When astronauts had a problem out in space, you heard the familiar "Houston, we have a problem" radio call. With FCP X, the problem is in Cupertino. What if Steve Jobs was running NASA?
This story was inspired by Oliver Peters and the following really cool web site.
Astronaut: Cupertino, we have a problem. It seems that ten years of costly space flight training has gone up in smoke. None of the switches here in the space shuttle seem to do anything.
Cupertino: Switches are an antiquated control paradigm.
Astronaut: OK, that's cool, but we're trying to dock to the International Space Station in three minutes.
Cupertino: Docking isn't really supported with the new space shuttle.
Astronaut: Excuse me? It's the main thing we have to do! We fly up into space with stuff. Dock. Fly back. That's pretty much the mission. Three things.
Cupertino: Well, you've got to admit that the launch was completely amazing right?
Astronaut: Well, yes. But there's no gas pedal on this baby. You guys did all of the launch procedures for me.
Cupertino: We think it's better that way.
Astronaut: Well, I spent twenty years flying supersonic jets and I prefer to have a bit more control.
Cupertino: Control is overrated. Seriously, just by saying you've been flying jets for twenty years, it's obvious that you're old and set in your ways.
Astronaut: Seriously? Do you know how many airplanes and helicopters I've learned to fly? Each of them has thousands of controls. Heck I can even drive trucks, motorcycles and I once piloted a unicycle.
Cupertino: I'm not really impressed. I created the controls which is much more important than actually doing the flying.
Astronaut: Look. I need to dock. If I can't connect to the ISS the flight itself is pointless.
Cupertino: We removed the docking doors.
Cupertino: There was the danger that inexperienced astronauts would open them in mid-flight.
Astronaut: Inexperienced astronauts? Isn't that an oxymoron? You trained me for 10 years!
Cupertino: Well, we want to send up younger astronauts now with less training and a willingness to "think different."
Astronaut: I earned this damn job because I "think different." But I'm still here because when the crap hits the fan, I can land in one piece.
Cupertino: Your point?
Astronaut: … OK. So we can't actually complete the mission. I'm gonna pull a big ol' U-turn and bring this baby back to the landing strip. … I can't seem to find the navigation panel…
Cupertino: There you go with your old ways of thinking. Try the "home" button.
Astronaut: What if I didn't want to come home?
Cupertino: Of course you want to come home.
Astronaut: Well, what if there was a hurricane at the landing site and we were running out of oxygen?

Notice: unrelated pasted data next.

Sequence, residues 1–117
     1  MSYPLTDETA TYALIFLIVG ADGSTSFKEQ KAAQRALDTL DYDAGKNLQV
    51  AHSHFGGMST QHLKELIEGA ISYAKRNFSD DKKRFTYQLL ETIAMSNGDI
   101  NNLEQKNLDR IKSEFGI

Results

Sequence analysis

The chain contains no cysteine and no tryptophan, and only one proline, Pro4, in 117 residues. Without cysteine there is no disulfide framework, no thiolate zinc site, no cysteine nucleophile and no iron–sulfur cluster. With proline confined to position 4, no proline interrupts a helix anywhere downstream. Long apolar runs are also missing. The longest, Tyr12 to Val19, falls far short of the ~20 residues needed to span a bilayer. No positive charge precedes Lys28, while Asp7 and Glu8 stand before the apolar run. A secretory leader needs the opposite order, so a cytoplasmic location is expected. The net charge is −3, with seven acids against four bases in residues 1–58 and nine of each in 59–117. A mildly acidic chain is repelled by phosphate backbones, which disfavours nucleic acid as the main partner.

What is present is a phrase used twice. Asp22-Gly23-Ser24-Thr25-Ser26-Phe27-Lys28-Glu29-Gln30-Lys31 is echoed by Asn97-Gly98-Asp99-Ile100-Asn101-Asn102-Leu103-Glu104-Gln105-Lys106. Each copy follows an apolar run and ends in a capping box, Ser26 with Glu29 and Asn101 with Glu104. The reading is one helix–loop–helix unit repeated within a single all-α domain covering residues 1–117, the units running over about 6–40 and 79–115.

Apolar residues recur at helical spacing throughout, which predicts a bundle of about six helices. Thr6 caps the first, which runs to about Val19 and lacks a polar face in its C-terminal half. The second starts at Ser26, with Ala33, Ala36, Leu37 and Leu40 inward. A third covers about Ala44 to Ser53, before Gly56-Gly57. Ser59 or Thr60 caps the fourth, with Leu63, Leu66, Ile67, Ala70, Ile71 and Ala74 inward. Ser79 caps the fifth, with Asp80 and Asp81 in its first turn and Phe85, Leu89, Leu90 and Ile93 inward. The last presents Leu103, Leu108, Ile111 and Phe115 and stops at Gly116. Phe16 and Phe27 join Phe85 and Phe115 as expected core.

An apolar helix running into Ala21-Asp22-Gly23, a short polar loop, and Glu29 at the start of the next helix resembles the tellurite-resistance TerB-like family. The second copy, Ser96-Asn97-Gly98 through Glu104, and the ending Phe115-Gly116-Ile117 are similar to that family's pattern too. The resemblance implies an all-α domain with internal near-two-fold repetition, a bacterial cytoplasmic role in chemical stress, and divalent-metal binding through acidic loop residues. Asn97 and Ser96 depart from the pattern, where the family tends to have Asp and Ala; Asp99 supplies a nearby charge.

Cupertino: (sound of crickets… In space, no one can hear crickets, if crickets in space existed, but this is a George Lucas kind of space story.)
Cupertino: We hadn't really considered that. We aren't astronauts after all.
Astronaut: Well, we would have loved to consult with you. We could have told you some of the important stuff that is mission critical.
Cupertino: Astronauts are really stuck with old ways of thinking and can't keep up with the folks here at mission control who are mainlining Mountain Dew and skateboarding to the bathroom whenever they need to take a crap.
Astronaut: … Never mind. I hit the Home button and it says that it can only import navigation commands from an Xbox.
Cupertino: I know. Cool, right? Talk about "awesome!"
Astronaut: Well, it would be cool, but I only have Halo installed and it's a GOSH DARN IMAGINARY WORLD!!!! I need to get to CAPE FRICKING CANAVERAL!
Cupertino: Bummer. Xbox import seemed so cool and, we were on our way to ComicCon the week we programmed that, so we didn't really have a lot of time to do something like import from Google maps or whatever "professional" solution you astronauts deemed. So I guess just go to manual controls.
Astronaut: Perfect. That's why they sit us flyboys in the captain's chair! … Uh, Cupertino, the joystick isn't functioning.
Cupertino: Joysticks have been around for dozens of years. The Soviet Cosmonauts use joysticks and they're really old-fashioned, so we disabled it.
Aastronaut: Well, maybe they've been around for dozens of years because they WORKED!!! Plus the Soviets beat us into space and regularly launch WAY more flights than Cupertino… flights that can actually DOCK and GET THINGS DONE, by the way. So if the joystick doesn't work, how do I control the ship?
Cupertino: I know. Awesome, right?
Astronaut: Well, there's an astroid headed for us, so I'd really rather not learn a completely new control paradigm at the moment, but, I'm a big boy and I'd love to learn.
Cupertino: It's really, really easy. If you want to go left, just wave your hands to the left. To go forward, you push your hands forward. You'll get the idea quickly.
Astronaut: Hey, this isn't bad! Kind of cool! I like this. This is a whole new way of thinking! Very intuitive.
Cupertino: See! We think of everything.
Astronaut: OK, I'm starting to pull about 20G's at the moment… keeping my hands floating in the air is …. a … little …. difficult….
Cupertino: What is a G? Isn't he that cool director who did the Charlie's Angels movie?
Astronaut: No. That's McG. G's are units of gravity.
Cupertino: There's no need for G's anymore. We call them "pushy stuff."
Cupertino: The branding department felt Gatorade had a lock on the "G" brand and had already established that as a brand identifier. Plus it's so old-school.
Astronaut: Well, if I need to be passed over to mission control in another part of the world, I can't very well call them "pushy things." Nobody will know what I'm talking about. Never mind. Look, since I'm about to black out from "pushy things" maybe I should just turn over control to the pre-programmed mission control flight plan we created from the previous mission?